Take the good with the bad, I guess

On Saturday night, forty-five minutes before Tim Bradley and Devon Alexander did battle in Pontiac, Michigan, I got this text from one of my few friends who enjoys boxing.

“I forgot this fight was on till a little while ago. Who do you think is going to win?”

Presumably, his second sentence was to aid him in a potential gambling proposition.

I replied, “Bradley by decision, but I think he’ll have to come from behind in the second half to win a close fight.”

I then texted my 28 year-old brother and reminded him the fight was about to start. He responded by saying, “I don’t get Showtime.”

I told him it’s on HBO, to which he said, “In that case I’m going to watch it.”

My friend is much more of a boxing guy than my brother, but brother, who is a lawyer, watches pretty much every HBO fight and is extremely opinionated about certain fighters.

In December he was literally screaming for Marcos Maidana to knock out Amir Khan in the tenth round of their Fight of the Year bout. At some point in the last year and a half, he decided he didn’t like Khan. Nor is he a fan of Floyd Mayweather, Zab Judah, or Chris Arreola, apparantly. He likes Tomasz Adamek, Paulie Malignaggi, and Manny Pacquiao — and Buboy Fernandez, though. But for whatever reason, there is no in-between with him.

There was a point in time where I was almost certain that myself and another writer-friend of mine were going to make the trip from North Jersey, drive the length of the Keystone State, through Ohio, to Pontiac. Plans fell through, and I watched it from my bedroom.

But during the interim, I talked up this fight, I was excited. I thought what most people thought: these were easily two of the best three fighters in one of boxing’s deepest divisions. The fight matters, so it had to be good.

Unfortunately, it wasn’t to be. Bradley outclassed Alexander from beginning to end. Alexander “The Not-so Great” didn’t use his height or reach to his advantage, and all but once unleashed an uppercut (the punch that so viciously knocked out Juan Urango last year). Not sure why he kept it on the shelf. Flustered, perhaps.

Bradley was constantly charging forward, throwing wild at times, but never letting Alexander fight his fight. Bart Barry summed it up well, writing about what he saw from his ringside perch, “Alexander was out of his depth, discomfited throughout. Bradley was too far away, too near, and never where he wanted him. The rounds were close, but you could argue Alexander didn’t win any of them. Then head butts took his mind away.”

So when the fight was stopped and Bradley’s hand deservedly raised, my phone buzzed again with texts.

The first came from my friend. It simply said, “Fight is over…that’s shitty.”

Then came my brother’s. After expressing his opinion that Alexander legitimately couldn’t continue, he proclaimed, “That fight was dumb.”

He concluded with, “Bad for boxing…in my opinion.”

Well, it certainly wasn’t good for boxing. But we must remember this is a fight that everyone wanted to see, and I’m glad HBO made it. I am not so glad about the concessions HBO made in order to make this fight, however.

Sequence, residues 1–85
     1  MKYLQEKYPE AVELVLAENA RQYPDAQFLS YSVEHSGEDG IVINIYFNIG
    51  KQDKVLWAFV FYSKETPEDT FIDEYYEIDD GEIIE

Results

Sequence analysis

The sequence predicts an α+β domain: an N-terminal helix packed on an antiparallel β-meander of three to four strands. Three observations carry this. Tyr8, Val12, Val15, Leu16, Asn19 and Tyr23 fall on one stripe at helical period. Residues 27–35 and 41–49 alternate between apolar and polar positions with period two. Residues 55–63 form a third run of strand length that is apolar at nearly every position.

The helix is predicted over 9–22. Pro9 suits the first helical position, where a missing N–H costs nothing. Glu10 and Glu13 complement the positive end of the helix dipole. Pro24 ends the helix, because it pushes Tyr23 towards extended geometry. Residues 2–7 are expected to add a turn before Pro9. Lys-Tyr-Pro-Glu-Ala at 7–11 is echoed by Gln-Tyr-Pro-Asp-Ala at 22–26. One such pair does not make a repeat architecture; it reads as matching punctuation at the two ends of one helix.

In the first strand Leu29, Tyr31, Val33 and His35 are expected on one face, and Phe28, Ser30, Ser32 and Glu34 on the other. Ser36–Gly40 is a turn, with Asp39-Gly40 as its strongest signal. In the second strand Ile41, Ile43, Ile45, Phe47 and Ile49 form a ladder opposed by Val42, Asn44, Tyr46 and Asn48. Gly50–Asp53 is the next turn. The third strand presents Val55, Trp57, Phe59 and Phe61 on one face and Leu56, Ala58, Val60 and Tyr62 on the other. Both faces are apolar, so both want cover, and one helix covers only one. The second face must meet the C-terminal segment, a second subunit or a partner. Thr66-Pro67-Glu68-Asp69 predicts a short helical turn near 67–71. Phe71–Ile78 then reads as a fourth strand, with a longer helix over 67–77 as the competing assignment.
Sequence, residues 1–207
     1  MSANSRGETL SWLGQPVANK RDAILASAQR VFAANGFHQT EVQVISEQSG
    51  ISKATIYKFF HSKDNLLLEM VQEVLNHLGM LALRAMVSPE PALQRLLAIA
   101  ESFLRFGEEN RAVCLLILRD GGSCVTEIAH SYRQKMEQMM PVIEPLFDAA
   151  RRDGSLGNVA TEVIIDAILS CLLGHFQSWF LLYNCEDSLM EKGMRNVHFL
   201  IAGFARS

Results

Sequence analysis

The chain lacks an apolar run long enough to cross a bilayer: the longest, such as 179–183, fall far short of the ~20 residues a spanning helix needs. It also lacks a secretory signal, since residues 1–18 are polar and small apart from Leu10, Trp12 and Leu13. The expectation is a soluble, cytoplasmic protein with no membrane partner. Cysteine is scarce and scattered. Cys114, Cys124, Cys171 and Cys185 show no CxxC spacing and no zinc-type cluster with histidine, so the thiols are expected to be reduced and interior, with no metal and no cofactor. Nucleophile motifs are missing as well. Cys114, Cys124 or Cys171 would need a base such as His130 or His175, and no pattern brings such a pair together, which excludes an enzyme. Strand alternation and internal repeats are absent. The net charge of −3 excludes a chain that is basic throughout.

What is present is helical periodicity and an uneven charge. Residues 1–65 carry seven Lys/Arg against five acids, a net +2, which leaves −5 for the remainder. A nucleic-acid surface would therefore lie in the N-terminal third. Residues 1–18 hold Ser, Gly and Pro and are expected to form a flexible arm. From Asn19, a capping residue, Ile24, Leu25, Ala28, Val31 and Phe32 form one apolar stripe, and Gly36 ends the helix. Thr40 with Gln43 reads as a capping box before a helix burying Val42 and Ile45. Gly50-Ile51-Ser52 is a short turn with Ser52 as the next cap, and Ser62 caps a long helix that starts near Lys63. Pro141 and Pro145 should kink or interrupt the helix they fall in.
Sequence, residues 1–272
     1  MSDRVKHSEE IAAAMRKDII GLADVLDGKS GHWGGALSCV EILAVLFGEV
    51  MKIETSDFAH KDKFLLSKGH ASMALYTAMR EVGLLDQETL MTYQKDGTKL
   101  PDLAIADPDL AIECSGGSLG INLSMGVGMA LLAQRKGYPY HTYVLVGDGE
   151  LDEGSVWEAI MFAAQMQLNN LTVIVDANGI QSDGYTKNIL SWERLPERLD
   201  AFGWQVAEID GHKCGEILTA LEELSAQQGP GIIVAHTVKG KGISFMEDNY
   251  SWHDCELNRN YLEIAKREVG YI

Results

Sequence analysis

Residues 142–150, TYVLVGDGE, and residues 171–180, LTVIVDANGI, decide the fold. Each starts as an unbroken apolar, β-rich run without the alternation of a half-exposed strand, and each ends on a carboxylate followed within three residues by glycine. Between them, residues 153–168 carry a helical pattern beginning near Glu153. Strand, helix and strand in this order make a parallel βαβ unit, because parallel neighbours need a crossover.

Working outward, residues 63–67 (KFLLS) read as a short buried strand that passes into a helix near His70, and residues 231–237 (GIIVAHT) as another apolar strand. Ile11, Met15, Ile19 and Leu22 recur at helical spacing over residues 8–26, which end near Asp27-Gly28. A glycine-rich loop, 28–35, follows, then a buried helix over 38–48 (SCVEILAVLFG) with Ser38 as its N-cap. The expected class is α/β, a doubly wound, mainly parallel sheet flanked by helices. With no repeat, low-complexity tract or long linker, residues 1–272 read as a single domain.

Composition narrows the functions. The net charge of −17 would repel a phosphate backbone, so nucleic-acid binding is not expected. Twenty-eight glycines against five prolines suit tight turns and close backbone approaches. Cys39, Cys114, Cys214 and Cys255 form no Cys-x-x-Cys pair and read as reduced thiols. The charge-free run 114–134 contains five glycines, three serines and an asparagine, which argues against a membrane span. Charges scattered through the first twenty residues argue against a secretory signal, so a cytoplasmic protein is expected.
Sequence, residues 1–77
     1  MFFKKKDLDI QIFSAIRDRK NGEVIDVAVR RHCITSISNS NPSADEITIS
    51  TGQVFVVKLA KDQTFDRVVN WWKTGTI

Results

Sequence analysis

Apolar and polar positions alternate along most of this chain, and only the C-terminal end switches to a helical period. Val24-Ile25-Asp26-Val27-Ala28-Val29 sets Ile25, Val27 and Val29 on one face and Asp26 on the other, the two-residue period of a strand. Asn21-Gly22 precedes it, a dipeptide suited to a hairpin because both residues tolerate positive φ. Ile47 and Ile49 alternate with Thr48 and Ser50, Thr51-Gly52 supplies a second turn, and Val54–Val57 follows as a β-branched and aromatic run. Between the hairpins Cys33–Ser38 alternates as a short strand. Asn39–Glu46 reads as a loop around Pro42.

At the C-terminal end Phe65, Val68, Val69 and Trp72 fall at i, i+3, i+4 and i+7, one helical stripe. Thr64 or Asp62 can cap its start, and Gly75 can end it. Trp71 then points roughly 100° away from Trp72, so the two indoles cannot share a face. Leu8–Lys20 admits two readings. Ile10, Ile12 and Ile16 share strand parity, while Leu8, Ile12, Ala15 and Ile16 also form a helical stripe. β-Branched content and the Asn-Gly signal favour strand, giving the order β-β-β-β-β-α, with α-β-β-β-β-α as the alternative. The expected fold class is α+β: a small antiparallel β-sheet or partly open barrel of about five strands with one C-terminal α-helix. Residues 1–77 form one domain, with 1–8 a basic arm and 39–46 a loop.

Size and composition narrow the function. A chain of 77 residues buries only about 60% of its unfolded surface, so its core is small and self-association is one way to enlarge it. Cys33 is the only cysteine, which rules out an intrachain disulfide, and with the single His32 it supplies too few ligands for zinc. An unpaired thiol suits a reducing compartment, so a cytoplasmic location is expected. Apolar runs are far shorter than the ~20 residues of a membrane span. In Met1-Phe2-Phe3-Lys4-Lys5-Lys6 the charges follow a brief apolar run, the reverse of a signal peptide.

In his latest column about Pacquiao’s move to Showtime, Thomas Hauser addressed the details of the Bradley-Alexander fight by writing, “Each fighter (in tandem with his respective promoter) has been guaranteed a second fight for a license fee of at least $3,000,000. This means that, unless their first encounter warrants a rematch, three fights involving these two boxers will command almost 25% of HBO’s license fees in 2011.”

Further, according to John Chavez of The Boxing Truth fame, Bradley-Alexander drew 1.345 million live viewers. Sad to say, but I’m almost certain that number will decrease for Alexander’s next bout. To put things in perspective, the Manfredo-Eduard fight on ESPN’s Friday Night Fights, drew 788,000 live viewers, and they paid a hell of a lot less than the $4 million HBO paid for this fight.

While I’m glad HBO made Bradley-Alexander happen, they grossly overpaid and made too many concessions. Then again, I would definitely not be writing any of this if it turned out to be a twelve round thriller.

That wasn’t the case, however, and head-butts and Bradley’s determination and grit earned him the title as world’s best junior welterweight.

But unfortunately for boxing fans like my brother, there’s a good chance that both Tim Bradley and Devon Alexander ended up on their ‘dislike’ list. The next time Alexander is on HBO I’ll try to get my brother to watch, but I don’t think he’ll take the bait. I have a better shot at getting him to watch Bradley fight again.

When he said, “Bad for boxing…in my opinion,” — that’s the way I feel about 25% of HBO’s 2011 license fee’s being linked to these two fighters.

We wanted the fight, we got it. Most likely, we won’t want to see Alexander against a bounce-back opponent. Too bad, we’re getting it.

We’ll just take the good with the bad I guess. That’s boxing.

Kyle Kinder can be reached at Twitter.com/KyleKinder & KyleKinder1@gmail.com

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